Role reversal has been used to great effect throughout The Final Season. There have been several callbacks to previous seasons, along with many loose ends that get tied up in the final episode. A great example of role reversal came in the previous episode, where Clementine was now in Kenny's shoes from Season 2.
The idea of role reversal plays heavily into 'Take Us Back,' with many familiar ideas borrowed from Season 1 to great effect. While I can't go into detail about the plot points without going into spoiler territory, I can say that the final hour with Clementine and AJ plays out largely as expected, but with enough of a twist that it's going to satisfy long-time fans of the series. It's an ending that's masterfully crafted, though it's worth mentioning again that it's an ending where details will get shifted around depending on who survived.
It doesn't feel that long ago when Telltale Games first released The Walking Dead. There's a reason it was our 2012 Game of the Year. It's not just that there was nothing like it at the time. There was such a sense of personal growth through a journey that could be customized with different dialogue choices, character interactions, and a dose of the player's own personal morality.
The Walking Dead: The Final Season takes the ideas that made the first season so memorable and builds upon them in ways that the second and third seasons did not. Think back to the first season and recall watching Clementine develop from a naive girl to someone forced to fend for herself and survive a dangerous world. She was someone who was introduced with an idealistic sense of the world, but someone who quickly learned how the world worked and soon learned to develop her own sense of morality and ethics.
This is an idea that's expanded admirably in The Final Season with AJ, with players getting to watch this young boy develop. They get to watch him grow from a blank slate, into someone who's shaped by the player's own morality, and later still into someone who can use what he's learned to show that he's capable of fending for himself.
The Walking Dead: The Final Season is a testament to what great writing talent can accomplish. Even with the game's increasingly archaic engine and an art style that isn't quite as unique as it used to be, The Final Season offers a story that ranks up there with the original first season. It is a marvelous piece of work and acts as a bookend to one of the best gaming sagas of the decade.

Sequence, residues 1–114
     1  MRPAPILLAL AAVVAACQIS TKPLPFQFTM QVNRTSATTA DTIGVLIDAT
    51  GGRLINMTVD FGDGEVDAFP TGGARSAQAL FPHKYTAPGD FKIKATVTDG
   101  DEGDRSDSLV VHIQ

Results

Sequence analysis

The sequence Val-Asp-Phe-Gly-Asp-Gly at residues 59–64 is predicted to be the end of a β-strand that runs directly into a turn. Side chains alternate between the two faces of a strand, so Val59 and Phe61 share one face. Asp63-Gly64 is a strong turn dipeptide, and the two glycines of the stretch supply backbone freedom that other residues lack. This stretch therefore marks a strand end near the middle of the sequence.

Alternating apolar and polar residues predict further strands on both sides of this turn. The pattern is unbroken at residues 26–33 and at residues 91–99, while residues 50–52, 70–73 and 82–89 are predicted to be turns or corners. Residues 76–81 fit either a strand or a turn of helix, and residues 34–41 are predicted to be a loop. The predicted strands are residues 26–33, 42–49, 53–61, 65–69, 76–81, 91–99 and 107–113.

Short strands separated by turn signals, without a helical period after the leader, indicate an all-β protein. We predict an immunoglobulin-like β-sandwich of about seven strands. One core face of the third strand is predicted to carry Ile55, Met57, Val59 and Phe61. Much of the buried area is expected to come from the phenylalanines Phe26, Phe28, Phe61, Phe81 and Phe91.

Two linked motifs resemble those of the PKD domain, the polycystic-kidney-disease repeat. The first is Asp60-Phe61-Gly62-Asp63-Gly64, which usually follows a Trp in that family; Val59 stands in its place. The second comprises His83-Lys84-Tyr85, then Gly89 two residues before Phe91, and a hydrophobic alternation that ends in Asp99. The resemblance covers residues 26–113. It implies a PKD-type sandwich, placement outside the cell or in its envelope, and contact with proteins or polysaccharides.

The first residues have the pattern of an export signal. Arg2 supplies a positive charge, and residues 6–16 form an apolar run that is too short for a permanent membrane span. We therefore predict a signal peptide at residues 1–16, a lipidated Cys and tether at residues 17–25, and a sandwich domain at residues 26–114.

This review is based on an Xbox One code provided by the publisher. The Walking Dead: The Final Season is available now on PC, PlayStation 4, Xbox One, and Nintendo Switch for $19.99 for all four episodes. The game is rated M. For our thoughts on the previous episodes, be sure to check out our impressions for Done Running, Suffer the Children, and Broken Toys.
The Walking Dead: The Final Season
- Brilliant writing that carries the parenting motif through to the end
- Memorable characters beyond Clementine and AJ
- Ties up loose ends nicely
- Consequential dialogue choices encourages multiple playthroughs
- Fun collectibles that grow on you
- The engine feels more dated than ever
- Some of the QTE sequences are poorly designed
Ozzie Mejia posted a new article, The Walking Dead: The Final Season review: All grown up
Telltale Games always made games with the most compelling stories.
The Wolf Among Us was magnificent.
All the Walking Dead games were great and this last one looks amazing too.
It might be hard but I'm glad to see this series have a spectacular finale.
They've even got some of the members of the original dev team also involved.
I have to give Skybound Games credit as well.
Now if they'd only consider releasing a physical copy of a full collection of all the seasons for the Switch, it would be fantastic.